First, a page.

Allan Takes Aim Blog

Fifteen: the new age of wisdom

Posted on: 20 October 2010

  First Published The Chronicle Canberra,Tuesday, 19 October

True or not, it seems to me the published starting times of TV programmes can only be taken as guides because, apart from the first programme starting on time, many of the programmes that follow never seem start when they’re supposed to. And according to Boadicea, the published times don’t guarantee that the programme will be broadcast.

This causes Boadicea great frustration because, at times, she can’t makeup her mind if she should carry on watching a programme or switch to the start of a programme on another channel. If she decides to change her frustration increases if the programme hasn’t started.

To some extent radio is following the same pattern. No longer can one rely on the start of radio programmes to put their watches and clocks right. This is particularly true with talk back radio many of whose presenters now seem to think listeners prefer them to babble on rather than have the news or next programme start on time. But credit where it’s due: the ABC is better than its commercial rivals. 

Unfortunately, however, even presenters on the national broadcaster seem to have caught the talk over bug to the extent that some presenters now sound like their commercial cousins. Indeed the weight of advertising the national broadcaster now carries for its programmes and products is so heavy that people might think they were listening to commercial radio.

This leads to the obvious question: is this a sign of things to come and are there hidden plans in place for commercialising the ABC? Not that commercialising the ABC would worry me. My worry is, that as the quest for political power becomes more intense and if one political party becomes entrenched in power, the possibility exists that the national broadcaster could be at risk of being used as the Government’s propaganda station. Can’t happen you say! Well if you believe that, take a look at recent world history. Not only did this happen in the last century, more ominously, it is still happening today.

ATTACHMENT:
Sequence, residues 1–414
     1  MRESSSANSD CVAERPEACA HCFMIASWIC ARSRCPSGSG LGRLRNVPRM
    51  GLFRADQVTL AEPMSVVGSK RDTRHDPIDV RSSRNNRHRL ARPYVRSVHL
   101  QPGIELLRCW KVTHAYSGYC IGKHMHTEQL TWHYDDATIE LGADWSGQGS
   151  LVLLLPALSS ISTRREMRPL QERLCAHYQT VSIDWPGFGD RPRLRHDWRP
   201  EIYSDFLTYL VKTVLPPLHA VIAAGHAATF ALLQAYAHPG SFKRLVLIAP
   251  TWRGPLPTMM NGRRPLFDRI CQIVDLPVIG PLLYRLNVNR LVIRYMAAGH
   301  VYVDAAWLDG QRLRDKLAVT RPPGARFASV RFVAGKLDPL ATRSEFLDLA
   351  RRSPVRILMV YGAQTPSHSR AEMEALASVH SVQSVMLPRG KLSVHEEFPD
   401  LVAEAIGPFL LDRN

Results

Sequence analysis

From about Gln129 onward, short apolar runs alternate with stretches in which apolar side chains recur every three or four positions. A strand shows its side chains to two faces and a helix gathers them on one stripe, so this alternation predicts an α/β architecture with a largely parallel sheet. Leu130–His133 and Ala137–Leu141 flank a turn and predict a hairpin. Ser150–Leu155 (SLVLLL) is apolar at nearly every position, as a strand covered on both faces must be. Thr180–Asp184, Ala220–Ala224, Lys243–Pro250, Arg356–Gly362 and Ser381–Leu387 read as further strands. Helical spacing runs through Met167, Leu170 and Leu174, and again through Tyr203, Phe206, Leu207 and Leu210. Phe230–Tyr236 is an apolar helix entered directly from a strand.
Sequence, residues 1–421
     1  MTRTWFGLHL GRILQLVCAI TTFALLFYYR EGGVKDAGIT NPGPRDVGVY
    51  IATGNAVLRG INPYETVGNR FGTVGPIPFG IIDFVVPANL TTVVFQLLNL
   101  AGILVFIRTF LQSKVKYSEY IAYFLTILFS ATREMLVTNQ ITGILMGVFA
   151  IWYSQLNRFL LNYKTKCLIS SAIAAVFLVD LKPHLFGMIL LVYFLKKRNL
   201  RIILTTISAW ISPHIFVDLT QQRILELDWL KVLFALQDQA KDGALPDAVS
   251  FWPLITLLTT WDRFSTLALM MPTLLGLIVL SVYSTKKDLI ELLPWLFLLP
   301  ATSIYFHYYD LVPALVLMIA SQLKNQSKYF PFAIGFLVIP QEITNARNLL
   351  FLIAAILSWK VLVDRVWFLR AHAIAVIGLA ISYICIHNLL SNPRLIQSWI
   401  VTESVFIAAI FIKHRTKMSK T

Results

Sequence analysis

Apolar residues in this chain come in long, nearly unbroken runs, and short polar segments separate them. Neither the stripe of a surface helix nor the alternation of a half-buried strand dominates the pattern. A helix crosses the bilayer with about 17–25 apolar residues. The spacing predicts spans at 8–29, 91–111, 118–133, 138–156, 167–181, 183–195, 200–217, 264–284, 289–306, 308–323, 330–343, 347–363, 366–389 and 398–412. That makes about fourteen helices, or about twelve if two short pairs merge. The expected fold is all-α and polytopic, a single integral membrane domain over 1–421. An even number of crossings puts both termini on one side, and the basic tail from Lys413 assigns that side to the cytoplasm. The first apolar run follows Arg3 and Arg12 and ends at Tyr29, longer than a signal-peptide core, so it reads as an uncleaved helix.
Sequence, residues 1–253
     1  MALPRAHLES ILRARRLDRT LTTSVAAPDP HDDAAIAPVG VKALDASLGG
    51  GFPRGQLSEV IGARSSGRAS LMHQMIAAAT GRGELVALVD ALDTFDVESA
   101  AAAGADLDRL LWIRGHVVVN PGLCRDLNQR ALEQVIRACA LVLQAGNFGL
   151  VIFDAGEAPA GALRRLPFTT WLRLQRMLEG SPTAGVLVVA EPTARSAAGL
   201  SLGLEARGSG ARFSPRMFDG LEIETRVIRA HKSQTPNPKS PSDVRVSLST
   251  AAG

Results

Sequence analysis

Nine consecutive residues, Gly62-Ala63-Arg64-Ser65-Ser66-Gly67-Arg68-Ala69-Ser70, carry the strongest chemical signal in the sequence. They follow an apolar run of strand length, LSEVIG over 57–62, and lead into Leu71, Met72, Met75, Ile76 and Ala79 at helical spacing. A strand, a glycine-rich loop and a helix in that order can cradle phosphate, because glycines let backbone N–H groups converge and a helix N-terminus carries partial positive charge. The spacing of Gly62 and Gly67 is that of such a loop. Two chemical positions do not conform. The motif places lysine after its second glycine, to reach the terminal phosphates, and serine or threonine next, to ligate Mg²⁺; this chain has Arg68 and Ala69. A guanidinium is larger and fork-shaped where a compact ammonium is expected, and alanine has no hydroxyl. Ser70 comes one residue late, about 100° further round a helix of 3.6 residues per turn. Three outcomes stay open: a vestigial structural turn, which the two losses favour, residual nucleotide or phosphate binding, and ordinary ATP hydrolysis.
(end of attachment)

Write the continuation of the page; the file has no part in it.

Other things that annoy me about TV are the promotional messages that intrude on programmes and the information that, increasingly, can be found crawling along the bottom of the TV screen. I don’t know about you but not only do these intrusive promotional messages disturb my entertainment, I find the information crawls along the bottom of the screen on news programmes distracting. Surely if the information on the crawl is vital it should be part of the broadcast? 

In fact these crawls annoy me so much I’m thinking of suggesting to scientists that they develop systems that will give humans two extra eyes, ears and an extra brain so that they can watch, listen and absorb two levels of information at the same time. Naturally, people should be able to close down the extra eyes, ears and brain independently.

But to write in more serious vein: other messages in composite that offer the following warnings: this programme contains violence, sex scenes, drug references, strong language and not suitable viewing for people under fifteen screened that are screened before programmes, also annoy me.  As most programmes these days (children’s excepted) seem to contain one or all of the foregoing I sometimes wonder if it wouldn’t be easier to create a simple message that said: this programme is suitable for viewers of every age. 

When I put this to the test with some young people some said I should get ‘with it’ not knowing that I’ve been ‘with it’ for a long time, even before my time forty years ago in Sydney when I managed a Kings Cross nightclub ‘The Other Place‘ which had both topless Go Go Girls and a clientele that included many people well known to the police.

That said, I think much adult only TV entertainment pornographic. However, I suspect it is probably too late to try and do anything about it for the simple reason that many people under fifteen today know more about pornography and get less excited about it than their elders.

Sadly and unfortunately I suspect these warnings tempt some vulnerable young people under fifteen to indulge in behaviour that could destroy their lives.

The Chronicle for Canberra’s best community news. Published every Tuesday


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